Making homemade refried beans is easier than you might think and they are far superior in flavor and texture to canned refried beans. Refried beans are the perfect side dish for any Mexican meal.
What to Expect from this Recipe
Think of this recipe as the starting point. We show you how to make simple traditional refried beans which are delicious just as they are and are commonly served this way in Mexico. If you’d like, you can then add any of the optional ingredients as desired to build the flavor to your liking. Every cook has their variation.
Our base recipe is mashed beans fried in oil with white onion and garlic to which you can add minced jalapeño peppers or serrano peppers and cumin. You can top your beans with queso fresco and minced cilantro if you choose.
How You Can Use Refried Beans
Refried beans have an infinite variety of uses. Serve them as a side for almost any Mexican dish like huevos rancheros or chorizo and egg, Use them to top chicken tostadas, or stuff burritos, quesadillas, or fill tacos.
How to Make
Homemade beans or canned?
You will need cooked whole beans to prepare, homemade or canned. our first choice is cooking your own beans using our frijoles de la olla recipe . A slow cooker or instant pot are practical choices for cooking dried beans. You can also cook them on the stovetop in a large pot.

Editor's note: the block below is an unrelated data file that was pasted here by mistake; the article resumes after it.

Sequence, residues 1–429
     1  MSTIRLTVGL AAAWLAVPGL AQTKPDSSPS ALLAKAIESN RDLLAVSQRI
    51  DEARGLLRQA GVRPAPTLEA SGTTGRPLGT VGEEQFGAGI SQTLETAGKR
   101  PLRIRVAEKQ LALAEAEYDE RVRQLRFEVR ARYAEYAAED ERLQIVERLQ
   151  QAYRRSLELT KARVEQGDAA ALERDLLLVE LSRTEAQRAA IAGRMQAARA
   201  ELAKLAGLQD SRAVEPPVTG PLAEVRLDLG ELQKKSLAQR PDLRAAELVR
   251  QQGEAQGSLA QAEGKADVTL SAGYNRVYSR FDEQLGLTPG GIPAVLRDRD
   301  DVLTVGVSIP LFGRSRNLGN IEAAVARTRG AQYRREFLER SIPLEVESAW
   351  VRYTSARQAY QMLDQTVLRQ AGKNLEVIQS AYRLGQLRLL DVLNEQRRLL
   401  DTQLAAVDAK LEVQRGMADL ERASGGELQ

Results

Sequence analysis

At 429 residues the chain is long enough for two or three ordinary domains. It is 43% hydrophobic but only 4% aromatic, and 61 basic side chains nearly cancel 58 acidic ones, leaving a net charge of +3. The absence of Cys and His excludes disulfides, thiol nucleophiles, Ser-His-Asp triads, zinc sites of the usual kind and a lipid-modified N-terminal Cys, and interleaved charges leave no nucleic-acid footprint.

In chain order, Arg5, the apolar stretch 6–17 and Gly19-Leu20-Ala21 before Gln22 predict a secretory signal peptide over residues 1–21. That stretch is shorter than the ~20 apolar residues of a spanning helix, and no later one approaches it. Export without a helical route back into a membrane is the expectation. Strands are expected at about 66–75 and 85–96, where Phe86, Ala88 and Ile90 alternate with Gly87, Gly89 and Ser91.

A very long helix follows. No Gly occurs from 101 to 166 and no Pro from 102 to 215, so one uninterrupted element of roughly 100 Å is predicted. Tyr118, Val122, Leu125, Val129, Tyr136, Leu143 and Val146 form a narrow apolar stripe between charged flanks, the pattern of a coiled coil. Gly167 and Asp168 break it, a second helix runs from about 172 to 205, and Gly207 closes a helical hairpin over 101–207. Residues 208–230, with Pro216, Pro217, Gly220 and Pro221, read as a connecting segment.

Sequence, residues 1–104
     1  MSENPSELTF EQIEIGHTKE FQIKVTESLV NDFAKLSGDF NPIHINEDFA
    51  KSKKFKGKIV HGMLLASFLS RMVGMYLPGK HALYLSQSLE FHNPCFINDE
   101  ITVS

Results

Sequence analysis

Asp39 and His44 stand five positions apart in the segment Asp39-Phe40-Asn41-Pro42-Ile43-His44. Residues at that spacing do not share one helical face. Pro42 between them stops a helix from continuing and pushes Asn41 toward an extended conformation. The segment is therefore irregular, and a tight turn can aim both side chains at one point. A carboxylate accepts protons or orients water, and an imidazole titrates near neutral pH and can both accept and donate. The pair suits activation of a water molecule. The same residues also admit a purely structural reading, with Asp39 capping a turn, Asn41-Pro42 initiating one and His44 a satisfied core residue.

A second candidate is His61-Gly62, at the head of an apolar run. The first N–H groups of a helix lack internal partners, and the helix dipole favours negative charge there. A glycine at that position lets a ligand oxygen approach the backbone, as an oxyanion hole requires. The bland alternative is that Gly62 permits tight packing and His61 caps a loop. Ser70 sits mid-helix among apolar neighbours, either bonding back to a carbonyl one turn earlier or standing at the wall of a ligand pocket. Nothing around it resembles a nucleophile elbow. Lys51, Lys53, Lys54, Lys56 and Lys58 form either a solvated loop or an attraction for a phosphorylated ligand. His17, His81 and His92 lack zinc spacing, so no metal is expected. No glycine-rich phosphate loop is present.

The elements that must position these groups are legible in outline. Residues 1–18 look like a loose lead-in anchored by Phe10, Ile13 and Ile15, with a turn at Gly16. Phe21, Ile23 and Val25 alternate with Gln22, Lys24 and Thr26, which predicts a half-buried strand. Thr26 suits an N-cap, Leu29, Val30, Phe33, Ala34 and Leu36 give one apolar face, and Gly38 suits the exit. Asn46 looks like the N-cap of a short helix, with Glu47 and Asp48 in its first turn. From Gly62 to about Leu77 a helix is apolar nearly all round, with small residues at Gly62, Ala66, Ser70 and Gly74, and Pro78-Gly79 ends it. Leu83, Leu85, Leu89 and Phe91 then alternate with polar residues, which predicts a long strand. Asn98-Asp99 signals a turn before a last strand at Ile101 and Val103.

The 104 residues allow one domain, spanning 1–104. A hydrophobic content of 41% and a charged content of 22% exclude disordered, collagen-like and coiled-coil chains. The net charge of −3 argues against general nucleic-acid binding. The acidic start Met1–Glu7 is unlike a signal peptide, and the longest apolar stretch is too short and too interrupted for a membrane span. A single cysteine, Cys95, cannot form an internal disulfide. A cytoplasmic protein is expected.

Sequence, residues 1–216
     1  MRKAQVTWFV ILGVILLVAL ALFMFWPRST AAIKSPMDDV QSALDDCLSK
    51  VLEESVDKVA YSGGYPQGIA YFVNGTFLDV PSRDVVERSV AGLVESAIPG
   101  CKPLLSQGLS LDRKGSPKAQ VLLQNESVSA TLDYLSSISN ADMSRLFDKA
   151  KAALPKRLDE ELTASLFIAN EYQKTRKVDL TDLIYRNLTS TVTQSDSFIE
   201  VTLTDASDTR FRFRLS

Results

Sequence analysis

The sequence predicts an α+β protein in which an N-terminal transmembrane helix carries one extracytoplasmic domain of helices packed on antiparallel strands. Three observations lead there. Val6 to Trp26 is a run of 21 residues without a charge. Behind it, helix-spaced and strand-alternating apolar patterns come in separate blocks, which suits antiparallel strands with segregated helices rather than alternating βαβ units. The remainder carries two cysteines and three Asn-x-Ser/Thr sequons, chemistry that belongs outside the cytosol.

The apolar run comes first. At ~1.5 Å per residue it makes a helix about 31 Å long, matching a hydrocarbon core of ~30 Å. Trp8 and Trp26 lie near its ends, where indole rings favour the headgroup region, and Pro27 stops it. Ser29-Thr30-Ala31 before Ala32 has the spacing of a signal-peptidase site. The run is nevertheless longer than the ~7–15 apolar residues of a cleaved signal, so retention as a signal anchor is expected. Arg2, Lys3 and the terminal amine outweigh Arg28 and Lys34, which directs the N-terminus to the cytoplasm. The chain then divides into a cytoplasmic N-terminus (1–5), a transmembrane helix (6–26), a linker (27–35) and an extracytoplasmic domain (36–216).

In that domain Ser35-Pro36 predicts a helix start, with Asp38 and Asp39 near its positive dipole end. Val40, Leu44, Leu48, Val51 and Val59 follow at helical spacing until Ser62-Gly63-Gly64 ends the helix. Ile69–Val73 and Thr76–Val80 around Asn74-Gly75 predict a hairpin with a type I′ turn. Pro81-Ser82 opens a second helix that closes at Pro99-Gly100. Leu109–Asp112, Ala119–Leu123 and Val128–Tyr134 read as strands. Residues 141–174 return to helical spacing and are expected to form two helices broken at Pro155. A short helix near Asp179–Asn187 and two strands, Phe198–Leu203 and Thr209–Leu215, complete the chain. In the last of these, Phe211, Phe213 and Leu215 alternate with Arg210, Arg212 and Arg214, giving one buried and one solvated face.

Canned are delicious too.
If you don’t feel like making home-cooked beans, our method of preparation works equally well with canned beans and the results are delicious too.
- 2 cups cooked beans. Use your favorite variety. Pinto beans, black beans, and bayo beans are good choices (Different varieties of beans give a different flavor. Experiment to find your favorite.)
- ½ cup finely chopped white onion
- 1 finely chopped garlic clove
- 2 tbsp. oil
- A pinch of black pepper
- Salt ½ tsp. + to taste
Chop the onion. Finely chop the garlic. Finely chop the optional jalapeño or serrano peppers.
In a medium-sized pan, heat the oil to medium-high heat and add the chopped onion. Sauté until the onion is just becoming transparent.
Add the chopped garlic and if you wish the optional peppers.
Cook for 1 or 2 minutes until the onion is just starting to brown.
Add the cooked beans with a little bit of the cooking water plus the salt and pepper to the pan. Cook for 2 minutes before mashing.
Using a bean masher, mash the beans to the desired consistency. A potato masher will work if you don’t have a bean masher.
Once they are mashed to your preferred consistency, cook for 5 minutes stirring continually. Turn off the heat and allow the beans to rest for 3 minutes before serving.
Adjusting Your Beans
If you prefer your refried beans thinner, use a blender or food processor to puree them before frying them. If you beans are too dry, try adding a couple of tablespoons of water at a time until the desired consistency is reached. If your beans are too thin add water and cook for a few extra minutes.
HealthierThan You Think
Normally, we don’t talk too much about calories and fats in our recipes but in this case, we think it is worth mentioning nutrition.